In January of this year, it was reported that nearly one million people have lost their jobs as a consequence of the COVID-19 pandemic, with sectors such as retail and manufacturing being some of the worst hit.
However, as the country begins on the path of recovery, and even the worst-hit sectors able to re-open once again, theirs is a glimmer of hope once again for a stronger job market. Good news was reported only three weeks ago that job postings in the UK are finally back up to a similar level as they were pre-pandemic.
But, of course, the need to return to work for such a large number of people means that the vacancy market is going to be saturated with applicants, and the process of job hunting is going to be even more stressful and anxiety-inducing than usual.
Even for the most confident of candidate, the amount of time, energy and emotion invested in looking for a new job can be draining, and it can be made all the worse if, at the end of the process, you find yourself with a rejection email, having to start over again from square one.
We understand the frustration. And we also understand how the process can have a real knock-on effect on mental wellbeing, especially if it doesn’t end in the most desirable way. Feelings of grief, anger and worry can all become intertwined leading to serious mental and physical ill-health if not managed.
If you’re in the process of job hunting, here are three ways you can protect your wellbeing during this time.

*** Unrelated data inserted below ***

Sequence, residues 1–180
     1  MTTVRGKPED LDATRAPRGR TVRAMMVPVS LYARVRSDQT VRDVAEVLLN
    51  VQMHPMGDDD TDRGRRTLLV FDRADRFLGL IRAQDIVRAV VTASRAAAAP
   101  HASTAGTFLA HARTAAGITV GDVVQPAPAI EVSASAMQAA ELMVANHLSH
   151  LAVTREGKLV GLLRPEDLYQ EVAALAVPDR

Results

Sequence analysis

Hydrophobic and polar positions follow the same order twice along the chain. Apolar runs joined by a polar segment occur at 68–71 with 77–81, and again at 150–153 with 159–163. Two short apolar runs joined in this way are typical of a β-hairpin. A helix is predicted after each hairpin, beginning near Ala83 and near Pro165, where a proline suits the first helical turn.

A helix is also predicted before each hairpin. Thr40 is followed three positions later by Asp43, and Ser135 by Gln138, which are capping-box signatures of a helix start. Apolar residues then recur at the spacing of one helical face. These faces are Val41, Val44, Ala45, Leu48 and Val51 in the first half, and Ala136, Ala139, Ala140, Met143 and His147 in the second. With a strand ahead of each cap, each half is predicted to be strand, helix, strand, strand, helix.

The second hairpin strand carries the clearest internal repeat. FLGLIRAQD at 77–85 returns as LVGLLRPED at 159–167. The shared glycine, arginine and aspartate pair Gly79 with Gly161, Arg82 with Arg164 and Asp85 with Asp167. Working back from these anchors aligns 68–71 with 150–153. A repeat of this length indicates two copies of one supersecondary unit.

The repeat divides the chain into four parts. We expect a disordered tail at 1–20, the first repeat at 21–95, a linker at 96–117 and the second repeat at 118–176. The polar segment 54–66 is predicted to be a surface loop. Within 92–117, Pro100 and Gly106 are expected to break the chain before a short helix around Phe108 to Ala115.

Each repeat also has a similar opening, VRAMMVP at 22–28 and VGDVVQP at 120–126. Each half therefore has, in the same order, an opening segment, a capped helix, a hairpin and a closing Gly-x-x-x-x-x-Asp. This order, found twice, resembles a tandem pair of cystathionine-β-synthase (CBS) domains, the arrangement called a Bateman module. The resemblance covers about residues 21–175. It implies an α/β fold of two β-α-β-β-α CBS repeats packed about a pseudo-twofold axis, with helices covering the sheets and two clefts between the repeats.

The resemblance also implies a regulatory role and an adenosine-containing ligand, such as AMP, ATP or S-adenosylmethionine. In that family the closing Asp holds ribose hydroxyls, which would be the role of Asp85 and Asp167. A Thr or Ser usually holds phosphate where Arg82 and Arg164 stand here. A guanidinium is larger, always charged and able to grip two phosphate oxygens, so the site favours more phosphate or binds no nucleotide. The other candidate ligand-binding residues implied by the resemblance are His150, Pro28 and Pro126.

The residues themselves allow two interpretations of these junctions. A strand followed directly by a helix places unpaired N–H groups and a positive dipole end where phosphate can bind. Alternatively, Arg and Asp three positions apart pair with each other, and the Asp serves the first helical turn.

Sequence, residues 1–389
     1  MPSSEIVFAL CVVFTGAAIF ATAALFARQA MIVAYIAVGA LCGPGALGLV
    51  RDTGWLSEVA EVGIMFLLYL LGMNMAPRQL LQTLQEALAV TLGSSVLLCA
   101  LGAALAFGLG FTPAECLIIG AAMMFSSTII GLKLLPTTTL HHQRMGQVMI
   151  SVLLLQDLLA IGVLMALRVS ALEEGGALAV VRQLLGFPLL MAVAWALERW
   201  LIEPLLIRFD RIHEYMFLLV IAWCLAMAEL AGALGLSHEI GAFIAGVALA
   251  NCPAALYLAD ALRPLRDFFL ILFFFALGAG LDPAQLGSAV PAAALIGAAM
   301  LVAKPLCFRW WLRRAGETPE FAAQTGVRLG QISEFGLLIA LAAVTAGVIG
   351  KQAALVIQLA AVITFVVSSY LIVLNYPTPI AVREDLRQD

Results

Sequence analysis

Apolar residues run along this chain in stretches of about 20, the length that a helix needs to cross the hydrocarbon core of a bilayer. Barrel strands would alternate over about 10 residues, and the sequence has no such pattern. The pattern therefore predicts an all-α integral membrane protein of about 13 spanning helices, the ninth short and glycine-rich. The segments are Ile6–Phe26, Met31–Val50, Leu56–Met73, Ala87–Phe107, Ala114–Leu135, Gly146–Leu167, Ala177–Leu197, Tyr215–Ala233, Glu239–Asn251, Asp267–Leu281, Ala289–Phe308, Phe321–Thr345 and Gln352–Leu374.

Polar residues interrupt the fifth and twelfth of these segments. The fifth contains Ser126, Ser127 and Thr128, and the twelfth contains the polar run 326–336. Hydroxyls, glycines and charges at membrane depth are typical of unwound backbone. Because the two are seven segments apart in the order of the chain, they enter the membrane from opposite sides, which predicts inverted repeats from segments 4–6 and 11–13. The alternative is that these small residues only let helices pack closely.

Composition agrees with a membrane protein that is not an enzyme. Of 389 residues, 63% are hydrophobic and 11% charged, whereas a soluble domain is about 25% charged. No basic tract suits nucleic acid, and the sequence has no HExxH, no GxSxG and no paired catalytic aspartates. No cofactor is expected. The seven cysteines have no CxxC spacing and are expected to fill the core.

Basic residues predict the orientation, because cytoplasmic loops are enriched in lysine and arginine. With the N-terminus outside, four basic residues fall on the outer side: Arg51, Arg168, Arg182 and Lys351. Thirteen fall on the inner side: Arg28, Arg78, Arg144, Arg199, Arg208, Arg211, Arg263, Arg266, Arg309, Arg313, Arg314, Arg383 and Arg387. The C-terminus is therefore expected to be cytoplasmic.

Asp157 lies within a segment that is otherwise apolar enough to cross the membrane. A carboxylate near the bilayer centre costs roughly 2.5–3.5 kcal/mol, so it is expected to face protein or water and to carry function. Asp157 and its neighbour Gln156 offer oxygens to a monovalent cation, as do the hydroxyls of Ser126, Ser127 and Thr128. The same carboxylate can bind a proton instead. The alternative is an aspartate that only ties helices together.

Give job hunting the 9-5 treatment
By setting yourself a clear routine, not only can you dedicate time to job hunting, but you can also schedule in other fun or relaxing activities to take your mind off of the stress of the day. It can be tempting to work flat-out day and night until something bites, but by doing this you’re putting yourself at risk of burnout and fatigue.
Exercise, in any form, can be a brilliant source of relief when job hunting. The exertion drains the stress-inducing adrenaline from your body, replacing it with much-needed endorphins and mood-boosters.
Take a break
Even if you’re dedicating specific hours to job hunting, it might be that dedicated down-time just isn’t enough some days. If it’s all getting a bit much, don’t be hesitant to step away from the computer for a day or two more. Sometimes, taking a step back is the best way to move forward. Pressing pause might give you that extra bit of breathing space you need to progress.
Ask for feedback
Hopefully, most employers or recruiters should be employing a positive rejection process, but if they’re not, don’t be afraid to reach out after a rejection and ask for feedback. Sometimes, it can be easier to cope with a drawback if we know how we can learn, grow and improve from them.
If an employer refuses to give you feedback for whatever reasons, ask a trusted peer for honest feedback on your CV, application form and the answers you gave in interview. A second pair of eyes can really help in these situations.
Reach out for support
It can be easy to bottle up our thoughts and feelings when facing a daunting situation. And there’s still an immense amount of stigma surrounding unemployment, which can make the job-hunting process after a redundancy even more isolating.
Whether it’s talking things through with friends, family or a trained mental health advisor, or asking a recruiter to help, there’s no shame in seeking support if you don’t know where to turn next.
If you’re struggling with the job-hunting process or need some advice on your next steps, please get in touch with one of our specialist recruiters who will be more than happy to help.